The short story is dead. Honestly, outside of college classes and Penthouse Letters, how often do you see even one of them out in the wilds of real life? Bright Lights & Glass Houses, however, will make you wish they would make a return to our lives and hearts.
Ashton Raze (one of the sweetest writer names ever, by the way) shows us how the short story's brevity can be honed to a sharp point, making an impact like a tightly balled fist against our collective temple.
The 20-some stories seem unrelated, but there are underlying themes coursing through them - death, love, loss, sex. For many of us, these happenings are among the only events of our lives that we remember when it's all over. These are all little slices-of-life stories, and many times there is a twist that shatters your expectations, or some things that, just like in reality, you'll never quite understand. Although you almost will.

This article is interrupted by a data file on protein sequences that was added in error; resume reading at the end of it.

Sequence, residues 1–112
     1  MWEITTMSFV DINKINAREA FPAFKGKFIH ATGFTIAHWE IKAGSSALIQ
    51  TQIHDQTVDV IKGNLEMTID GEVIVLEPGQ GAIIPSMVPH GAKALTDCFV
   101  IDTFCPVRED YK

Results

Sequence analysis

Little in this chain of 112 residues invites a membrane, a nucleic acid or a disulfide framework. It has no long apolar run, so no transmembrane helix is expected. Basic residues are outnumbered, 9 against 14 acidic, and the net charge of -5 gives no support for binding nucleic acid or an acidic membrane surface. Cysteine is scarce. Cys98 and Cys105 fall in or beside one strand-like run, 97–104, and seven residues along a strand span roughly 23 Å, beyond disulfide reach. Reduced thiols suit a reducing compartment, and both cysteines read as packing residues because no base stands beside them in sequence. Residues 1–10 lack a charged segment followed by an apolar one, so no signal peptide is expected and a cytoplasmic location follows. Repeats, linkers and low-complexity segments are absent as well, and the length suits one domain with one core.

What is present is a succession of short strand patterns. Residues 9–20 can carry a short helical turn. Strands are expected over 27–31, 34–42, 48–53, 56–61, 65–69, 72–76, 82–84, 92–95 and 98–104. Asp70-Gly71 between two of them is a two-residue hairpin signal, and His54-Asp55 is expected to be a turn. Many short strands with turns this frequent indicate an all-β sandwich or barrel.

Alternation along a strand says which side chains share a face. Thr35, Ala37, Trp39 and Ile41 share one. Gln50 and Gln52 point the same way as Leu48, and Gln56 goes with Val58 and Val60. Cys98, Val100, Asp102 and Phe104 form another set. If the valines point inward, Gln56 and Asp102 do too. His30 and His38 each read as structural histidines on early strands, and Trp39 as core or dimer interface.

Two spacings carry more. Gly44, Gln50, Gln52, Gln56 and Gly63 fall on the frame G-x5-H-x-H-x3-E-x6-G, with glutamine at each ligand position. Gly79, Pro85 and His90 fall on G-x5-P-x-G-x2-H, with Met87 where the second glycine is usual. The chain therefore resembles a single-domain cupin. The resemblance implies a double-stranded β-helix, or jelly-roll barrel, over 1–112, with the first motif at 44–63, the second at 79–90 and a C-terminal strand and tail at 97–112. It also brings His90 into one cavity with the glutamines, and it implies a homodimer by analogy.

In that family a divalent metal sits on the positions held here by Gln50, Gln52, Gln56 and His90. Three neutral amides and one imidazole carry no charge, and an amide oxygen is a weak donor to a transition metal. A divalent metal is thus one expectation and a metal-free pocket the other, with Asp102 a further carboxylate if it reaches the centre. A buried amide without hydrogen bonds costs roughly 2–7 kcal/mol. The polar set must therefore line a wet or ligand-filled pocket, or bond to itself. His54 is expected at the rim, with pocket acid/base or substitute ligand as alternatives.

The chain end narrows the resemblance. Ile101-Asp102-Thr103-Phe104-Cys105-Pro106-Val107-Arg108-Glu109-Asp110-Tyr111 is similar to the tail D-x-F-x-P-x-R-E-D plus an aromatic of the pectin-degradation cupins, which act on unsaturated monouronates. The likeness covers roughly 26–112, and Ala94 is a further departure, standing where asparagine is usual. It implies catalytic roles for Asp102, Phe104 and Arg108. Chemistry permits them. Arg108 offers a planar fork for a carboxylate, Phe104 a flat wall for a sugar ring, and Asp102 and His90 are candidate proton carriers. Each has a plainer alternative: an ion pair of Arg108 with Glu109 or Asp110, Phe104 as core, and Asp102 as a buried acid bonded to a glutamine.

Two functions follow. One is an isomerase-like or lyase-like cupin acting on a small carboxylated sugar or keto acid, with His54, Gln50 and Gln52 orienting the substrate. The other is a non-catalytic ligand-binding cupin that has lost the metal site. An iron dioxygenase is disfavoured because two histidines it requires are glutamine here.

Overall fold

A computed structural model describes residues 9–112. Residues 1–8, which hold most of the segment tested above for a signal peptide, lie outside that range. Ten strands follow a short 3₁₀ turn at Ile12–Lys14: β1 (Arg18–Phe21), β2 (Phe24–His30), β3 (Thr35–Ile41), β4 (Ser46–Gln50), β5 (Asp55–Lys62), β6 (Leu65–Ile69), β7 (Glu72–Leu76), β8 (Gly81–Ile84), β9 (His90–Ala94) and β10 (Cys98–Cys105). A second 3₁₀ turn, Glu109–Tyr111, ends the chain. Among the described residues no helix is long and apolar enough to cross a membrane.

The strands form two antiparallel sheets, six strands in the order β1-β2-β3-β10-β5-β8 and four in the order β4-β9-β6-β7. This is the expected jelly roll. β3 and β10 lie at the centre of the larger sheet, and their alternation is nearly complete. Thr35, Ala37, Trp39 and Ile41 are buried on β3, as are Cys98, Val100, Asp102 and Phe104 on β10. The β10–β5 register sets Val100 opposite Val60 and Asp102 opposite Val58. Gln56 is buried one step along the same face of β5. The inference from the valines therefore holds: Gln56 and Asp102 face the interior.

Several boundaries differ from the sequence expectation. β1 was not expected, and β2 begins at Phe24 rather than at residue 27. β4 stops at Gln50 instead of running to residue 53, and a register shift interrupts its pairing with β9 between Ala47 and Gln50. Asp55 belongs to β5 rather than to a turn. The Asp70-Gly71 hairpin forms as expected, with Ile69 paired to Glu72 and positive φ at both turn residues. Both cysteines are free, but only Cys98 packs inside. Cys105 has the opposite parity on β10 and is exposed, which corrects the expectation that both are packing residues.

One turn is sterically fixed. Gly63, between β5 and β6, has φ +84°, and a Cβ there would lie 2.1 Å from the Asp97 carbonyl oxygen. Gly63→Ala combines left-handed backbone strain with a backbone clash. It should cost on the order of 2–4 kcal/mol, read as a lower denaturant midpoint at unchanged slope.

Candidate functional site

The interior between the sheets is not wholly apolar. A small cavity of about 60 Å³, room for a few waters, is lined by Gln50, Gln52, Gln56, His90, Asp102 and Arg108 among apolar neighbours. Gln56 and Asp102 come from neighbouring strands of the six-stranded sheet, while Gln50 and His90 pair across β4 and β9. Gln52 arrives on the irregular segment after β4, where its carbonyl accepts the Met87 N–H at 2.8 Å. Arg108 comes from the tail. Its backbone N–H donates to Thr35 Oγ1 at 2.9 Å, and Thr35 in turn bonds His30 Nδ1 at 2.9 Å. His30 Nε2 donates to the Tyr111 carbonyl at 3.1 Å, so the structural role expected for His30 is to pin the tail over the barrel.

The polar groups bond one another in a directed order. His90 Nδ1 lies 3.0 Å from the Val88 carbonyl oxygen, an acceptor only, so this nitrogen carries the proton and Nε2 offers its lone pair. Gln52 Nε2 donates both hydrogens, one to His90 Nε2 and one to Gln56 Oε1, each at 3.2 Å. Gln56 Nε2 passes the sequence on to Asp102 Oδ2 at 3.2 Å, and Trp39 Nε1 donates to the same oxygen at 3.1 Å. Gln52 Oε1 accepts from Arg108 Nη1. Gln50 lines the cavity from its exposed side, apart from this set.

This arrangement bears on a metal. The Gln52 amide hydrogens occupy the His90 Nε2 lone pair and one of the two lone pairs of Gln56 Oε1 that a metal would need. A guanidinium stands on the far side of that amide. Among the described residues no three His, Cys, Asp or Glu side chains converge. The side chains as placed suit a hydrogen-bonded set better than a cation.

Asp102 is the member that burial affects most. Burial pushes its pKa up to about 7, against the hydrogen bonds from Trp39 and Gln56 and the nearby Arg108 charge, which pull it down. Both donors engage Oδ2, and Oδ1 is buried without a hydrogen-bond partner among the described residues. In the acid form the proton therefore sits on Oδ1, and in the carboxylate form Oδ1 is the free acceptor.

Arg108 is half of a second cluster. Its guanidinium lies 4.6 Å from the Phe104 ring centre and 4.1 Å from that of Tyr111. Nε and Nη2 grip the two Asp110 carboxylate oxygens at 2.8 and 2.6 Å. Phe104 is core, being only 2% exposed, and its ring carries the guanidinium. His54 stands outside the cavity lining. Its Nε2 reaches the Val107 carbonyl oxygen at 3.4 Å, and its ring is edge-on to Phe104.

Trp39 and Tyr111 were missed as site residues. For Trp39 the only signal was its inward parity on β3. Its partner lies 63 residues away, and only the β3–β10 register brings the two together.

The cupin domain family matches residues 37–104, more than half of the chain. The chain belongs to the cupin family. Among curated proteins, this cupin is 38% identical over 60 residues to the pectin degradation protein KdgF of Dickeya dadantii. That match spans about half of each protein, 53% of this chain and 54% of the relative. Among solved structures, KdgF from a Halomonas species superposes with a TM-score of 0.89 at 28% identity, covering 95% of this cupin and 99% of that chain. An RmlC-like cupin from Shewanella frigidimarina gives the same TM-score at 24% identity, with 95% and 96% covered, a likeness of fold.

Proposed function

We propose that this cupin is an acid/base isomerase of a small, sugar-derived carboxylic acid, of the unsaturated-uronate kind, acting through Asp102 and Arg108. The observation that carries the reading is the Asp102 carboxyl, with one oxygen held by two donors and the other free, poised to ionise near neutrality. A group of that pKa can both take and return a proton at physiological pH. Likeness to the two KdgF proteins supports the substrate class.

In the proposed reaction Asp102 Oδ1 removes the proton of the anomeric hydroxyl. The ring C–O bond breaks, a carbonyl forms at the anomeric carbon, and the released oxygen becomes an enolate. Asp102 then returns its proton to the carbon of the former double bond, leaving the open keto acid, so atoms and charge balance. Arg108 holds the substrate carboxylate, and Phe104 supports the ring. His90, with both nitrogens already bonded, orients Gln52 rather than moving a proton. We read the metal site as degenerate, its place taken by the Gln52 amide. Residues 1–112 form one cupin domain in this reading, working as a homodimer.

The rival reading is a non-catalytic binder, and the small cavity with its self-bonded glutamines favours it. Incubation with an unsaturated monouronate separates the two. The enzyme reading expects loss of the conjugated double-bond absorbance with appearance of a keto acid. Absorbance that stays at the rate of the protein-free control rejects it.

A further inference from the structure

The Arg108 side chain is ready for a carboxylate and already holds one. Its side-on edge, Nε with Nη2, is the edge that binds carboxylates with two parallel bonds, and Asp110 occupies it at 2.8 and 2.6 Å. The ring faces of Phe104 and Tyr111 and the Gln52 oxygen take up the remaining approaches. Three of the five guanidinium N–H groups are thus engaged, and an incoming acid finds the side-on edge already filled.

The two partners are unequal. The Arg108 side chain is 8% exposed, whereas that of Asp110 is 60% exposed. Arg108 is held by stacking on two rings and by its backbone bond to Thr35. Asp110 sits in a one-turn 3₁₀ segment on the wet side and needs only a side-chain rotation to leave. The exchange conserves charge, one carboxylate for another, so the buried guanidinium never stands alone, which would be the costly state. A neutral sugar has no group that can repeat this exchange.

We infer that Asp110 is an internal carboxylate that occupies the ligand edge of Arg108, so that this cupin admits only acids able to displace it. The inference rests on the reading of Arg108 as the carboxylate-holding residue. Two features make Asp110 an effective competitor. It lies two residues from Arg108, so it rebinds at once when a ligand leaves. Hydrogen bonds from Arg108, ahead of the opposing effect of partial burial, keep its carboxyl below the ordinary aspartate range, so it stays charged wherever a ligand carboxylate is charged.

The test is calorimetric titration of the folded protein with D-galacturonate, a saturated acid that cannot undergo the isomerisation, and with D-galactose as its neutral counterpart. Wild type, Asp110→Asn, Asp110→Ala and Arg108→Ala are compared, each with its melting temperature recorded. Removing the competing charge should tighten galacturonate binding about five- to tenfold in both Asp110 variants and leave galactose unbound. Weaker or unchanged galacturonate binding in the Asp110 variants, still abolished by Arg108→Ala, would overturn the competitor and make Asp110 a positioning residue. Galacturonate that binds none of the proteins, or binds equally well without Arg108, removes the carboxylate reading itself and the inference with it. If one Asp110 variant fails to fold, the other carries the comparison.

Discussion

There are only two stories that fell flat for me in the entire collection, and they are the ones where Raze focused on imagery instead of setting up his sometimes-fantastical scenes and having characters banter back and forth. The dialogue is where his writing really shines (even if there are a lot of swear-y words - but that's how people talk, isn't it?), and when it's missing, you realize how important it is to his prose.
All in all, though, this is the most readable, interesting, and consistently surprising collection of short stories in recent times. It deserves all the stars I can give.